Corpse Keshavan

He hated both – his job and his name but could change neither. Keshavan carted corpses for a living, interring unclaimed bodies irrespective of their religion. They were those who lived and died as numbers in the census records. Most of them succumbed to starvation or disease while some had tortured faces or burnt limbs. This was no reason why stray dogs should maul them as well.

Keshavan ensured that these unfortunates were secure at least after death.

He didn’t go searching for bodies; that would be arduous in his big, bustling city. Instead, the police summoned him or the railway authorities or even a stranger reluctant to get involved any further. Keshavan didn’t mind accepting the death certificate and walking out with the remains of the man, woman or child in his arms. The corpse went into a grave and the certificate joined others in one of the two sacks in his hut.

On an average, he carted two or three bodies a day. He had no competition, no tension – except once when he had slipped and fallen into a deep grave, corpses toppling over him. It had happened after a terrible railway collision that had left him overworked and exhausted. No! He didn’t want another such catastrophe even if it compensated for his ‘rest’ days.

He was old enough to have grandchildren but Keshavan lived alone thanks to his peculiar vocation. It hadn’t mattered earlier for he was a quiet man and a woman would have nagged him to change his profession. Now he wondered what would happen to him if he fell ill. Would he die on the street and lie there to rot? Who would bury him when he had neither kith nor kin? Keshavan had no answers, only more questions.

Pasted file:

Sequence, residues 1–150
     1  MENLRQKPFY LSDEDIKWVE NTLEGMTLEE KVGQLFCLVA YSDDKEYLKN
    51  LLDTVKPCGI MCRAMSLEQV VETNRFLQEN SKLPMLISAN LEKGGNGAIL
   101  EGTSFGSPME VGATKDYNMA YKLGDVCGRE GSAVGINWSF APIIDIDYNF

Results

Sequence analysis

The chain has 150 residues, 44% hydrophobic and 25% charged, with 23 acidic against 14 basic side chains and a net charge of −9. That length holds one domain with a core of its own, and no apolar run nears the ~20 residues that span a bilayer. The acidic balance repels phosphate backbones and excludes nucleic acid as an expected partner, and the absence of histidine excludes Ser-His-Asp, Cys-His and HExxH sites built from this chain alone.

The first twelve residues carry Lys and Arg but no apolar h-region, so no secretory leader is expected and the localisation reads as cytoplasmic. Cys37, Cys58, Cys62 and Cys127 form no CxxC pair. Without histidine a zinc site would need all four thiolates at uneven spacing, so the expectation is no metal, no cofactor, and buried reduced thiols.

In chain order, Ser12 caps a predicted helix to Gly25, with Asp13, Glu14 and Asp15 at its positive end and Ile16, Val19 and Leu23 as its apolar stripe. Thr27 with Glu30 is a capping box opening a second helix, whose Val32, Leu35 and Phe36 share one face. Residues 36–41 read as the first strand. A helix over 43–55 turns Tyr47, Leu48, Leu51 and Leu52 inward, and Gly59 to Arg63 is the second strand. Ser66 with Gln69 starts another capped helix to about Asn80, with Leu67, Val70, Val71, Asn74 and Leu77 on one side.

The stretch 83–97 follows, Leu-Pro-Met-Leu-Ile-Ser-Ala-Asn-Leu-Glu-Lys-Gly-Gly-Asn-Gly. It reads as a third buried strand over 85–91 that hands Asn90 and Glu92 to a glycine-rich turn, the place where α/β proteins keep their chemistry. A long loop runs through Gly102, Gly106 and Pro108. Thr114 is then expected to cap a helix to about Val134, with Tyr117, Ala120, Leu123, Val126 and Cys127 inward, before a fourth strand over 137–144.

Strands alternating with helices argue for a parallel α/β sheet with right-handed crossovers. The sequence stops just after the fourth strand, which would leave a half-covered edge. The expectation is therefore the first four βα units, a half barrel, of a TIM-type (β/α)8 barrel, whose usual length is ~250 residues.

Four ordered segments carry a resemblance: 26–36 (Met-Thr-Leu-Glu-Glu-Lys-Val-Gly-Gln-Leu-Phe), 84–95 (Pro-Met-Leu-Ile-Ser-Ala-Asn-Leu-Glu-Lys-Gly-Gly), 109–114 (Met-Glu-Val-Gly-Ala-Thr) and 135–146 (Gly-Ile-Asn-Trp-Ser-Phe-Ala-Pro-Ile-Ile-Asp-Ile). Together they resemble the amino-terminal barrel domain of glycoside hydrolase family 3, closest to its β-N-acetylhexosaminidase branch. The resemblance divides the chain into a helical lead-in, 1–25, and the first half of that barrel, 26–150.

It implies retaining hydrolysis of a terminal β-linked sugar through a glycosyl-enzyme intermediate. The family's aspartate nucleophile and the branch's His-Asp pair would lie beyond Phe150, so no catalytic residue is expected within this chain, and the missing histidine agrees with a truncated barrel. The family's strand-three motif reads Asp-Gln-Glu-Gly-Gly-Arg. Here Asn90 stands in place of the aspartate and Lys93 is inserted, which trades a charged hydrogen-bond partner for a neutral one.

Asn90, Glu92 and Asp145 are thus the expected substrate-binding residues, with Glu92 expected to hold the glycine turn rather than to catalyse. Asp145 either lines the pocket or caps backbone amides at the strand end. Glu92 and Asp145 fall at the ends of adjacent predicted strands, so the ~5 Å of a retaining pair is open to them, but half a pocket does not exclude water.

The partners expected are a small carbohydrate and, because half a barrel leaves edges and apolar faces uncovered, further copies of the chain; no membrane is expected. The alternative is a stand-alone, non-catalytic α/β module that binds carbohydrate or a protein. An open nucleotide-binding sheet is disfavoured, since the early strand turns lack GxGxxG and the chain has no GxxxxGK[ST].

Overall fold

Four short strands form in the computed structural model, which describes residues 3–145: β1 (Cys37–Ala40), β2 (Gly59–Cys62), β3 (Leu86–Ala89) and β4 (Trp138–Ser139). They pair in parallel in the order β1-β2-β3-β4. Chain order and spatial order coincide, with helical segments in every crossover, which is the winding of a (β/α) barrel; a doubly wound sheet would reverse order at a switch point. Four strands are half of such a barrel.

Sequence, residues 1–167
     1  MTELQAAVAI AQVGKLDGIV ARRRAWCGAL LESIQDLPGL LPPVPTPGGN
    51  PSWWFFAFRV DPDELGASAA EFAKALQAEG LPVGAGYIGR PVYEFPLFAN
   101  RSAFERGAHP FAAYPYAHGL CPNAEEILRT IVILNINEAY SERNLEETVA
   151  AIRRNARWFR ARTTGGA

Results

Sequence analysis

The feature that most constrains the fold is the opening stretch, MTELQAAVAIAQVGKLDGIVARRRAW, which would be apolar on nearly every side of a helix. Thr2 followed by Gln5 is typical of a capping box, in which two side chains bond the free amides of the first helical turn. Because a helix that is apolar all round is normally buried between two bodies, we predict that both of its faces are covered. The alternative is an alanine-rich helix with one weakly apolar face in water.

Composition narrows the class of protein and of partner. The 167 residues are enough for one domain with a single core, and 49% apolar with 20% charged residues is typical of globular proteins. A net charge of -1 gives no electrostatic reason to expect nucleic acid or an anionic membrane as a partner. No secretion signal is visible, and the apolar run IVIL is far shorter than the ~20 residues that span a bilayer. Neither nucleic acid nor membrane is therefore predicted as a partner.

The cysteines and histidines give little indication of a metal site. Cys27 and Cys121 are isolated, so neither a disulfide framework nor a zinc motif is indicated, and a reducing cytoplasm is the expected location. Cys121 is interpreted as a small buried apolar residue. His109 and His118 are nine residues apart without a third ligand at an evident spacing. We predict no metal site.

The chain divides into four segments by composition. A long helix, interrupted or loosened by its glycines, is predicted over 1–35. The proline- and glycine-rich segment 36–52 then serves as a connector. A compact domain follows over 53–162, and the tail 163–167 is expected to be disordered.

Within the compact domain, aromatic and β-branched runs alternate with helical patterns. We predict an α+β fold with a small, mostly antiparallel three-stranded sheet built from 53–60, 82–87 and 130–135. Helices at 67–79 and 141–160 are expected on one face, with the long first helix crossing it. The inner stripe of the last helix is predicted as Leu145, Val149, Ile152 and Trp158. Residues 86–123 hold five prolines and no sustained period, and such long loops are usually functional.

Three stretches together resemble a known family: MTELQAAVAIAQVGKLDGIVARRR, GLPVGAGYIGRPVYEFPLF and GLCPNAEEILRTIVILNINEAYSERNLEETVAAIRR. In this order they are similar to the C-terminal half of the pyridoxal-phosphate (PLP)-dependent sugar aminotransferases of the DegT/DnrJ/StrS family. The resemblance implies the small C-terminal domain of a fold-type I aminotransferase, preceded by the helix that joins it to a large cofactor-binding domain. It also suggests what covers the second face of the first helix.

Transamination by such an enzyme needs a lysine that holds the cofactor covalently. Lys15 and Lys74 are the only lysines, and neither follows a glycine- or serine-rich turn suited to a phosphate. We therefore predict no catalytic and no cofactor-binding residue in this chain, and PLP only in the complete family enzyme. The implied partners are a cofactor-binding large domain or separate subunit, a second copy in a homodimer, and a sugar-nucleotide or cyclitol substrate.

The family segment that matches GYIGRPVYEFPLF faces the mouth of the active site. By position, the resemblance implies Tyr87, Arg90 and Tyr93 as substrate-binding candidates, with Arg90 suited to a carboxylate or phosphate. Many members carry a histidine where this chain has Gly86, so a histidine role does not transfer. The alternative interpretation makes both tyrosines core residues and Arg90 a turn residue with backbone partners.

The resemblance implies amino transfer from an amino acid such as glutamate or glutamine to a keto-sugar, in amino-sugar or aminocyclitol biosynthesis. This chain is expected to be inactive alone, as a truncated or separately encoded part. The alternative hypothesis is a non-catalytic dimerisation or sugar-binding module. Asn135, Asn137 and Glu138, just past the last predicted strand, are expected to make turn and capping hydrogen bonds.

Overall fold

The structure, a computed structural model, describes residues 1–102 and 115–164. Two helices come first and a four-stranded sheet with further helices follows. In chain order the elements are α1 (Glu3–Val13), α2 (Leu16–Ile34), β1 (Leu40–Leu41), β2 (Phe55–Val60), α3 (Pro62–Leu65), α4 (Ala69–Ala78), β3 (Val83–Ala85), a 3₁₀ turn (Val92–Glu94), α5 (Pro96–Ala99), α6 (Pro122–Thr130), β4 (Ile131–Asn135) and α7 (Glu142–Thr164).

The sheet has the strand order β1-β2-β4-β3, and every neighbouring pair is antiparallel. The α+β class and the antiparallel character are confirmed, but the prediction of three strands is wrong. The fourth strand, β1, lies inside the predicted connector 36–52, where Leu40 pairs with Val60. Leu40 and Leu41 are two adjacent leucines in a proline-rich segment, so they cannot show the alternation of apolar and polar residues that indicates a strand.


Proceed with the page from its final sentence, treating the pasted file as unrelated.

‘It’s all because of father. How often have I accompanied him on his rounds, helped him lay the stiffened body in the cart and taken it to the burial ground! But why couldn’t he have done something else? Who ever heard of this bizarre job? No wonder people avoid me. I remind them of transience. Where there is death, there I am. What kind of livelihood is this, earning twenty-five rupees a body? Is it worth the anguish of having to pick up a limb here and head there along a railway line? Yet, no corpse, no money!’

Keshavan was on his way to collect the body of a beggar woman, his first in a series of calls. It was going to be a busy day. He broke off his sullen thoughts, bought a few inexpensive marigold garlands and hastened to the morgue.

A small boy in an outsized shirt stood outside the door. His lips quivered every time he peeped in but he couldn’t lament anymore. Tears had left tracks on his cheeks and his nose blew bubbles. Keshavan tucked the death certificate into his shirt and took the body.

‘So light, definitely a starvation case’, he thought, wheeling the handcart.

The boy followed, sucking his thumb and whimpering sporadically. For the first time Keshavan’s bier had a follower and he felt helpless.

‘Corpse Keshavan’ placed the body in the grave, put a garland round her neck and shoveled back the soil while the boy watched. To ward off bad luck he left the cemetery quickly without looking behind.

Again the little boy followed, trying to match the pace of the older man. When the distance grew, he panicked and ran, his shirt flapping around him. He then quietly slipped his hand into Keshavan’s and they walked, pushing the cart together.

USHA RAJAGOPAL. Won the Regional Prize for Asia in the Commonwealth Foundation Short Story Competition 2001.

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Won the Regional Prize for Asia in the Commonwealth Foundation Short Story Competition 2001.

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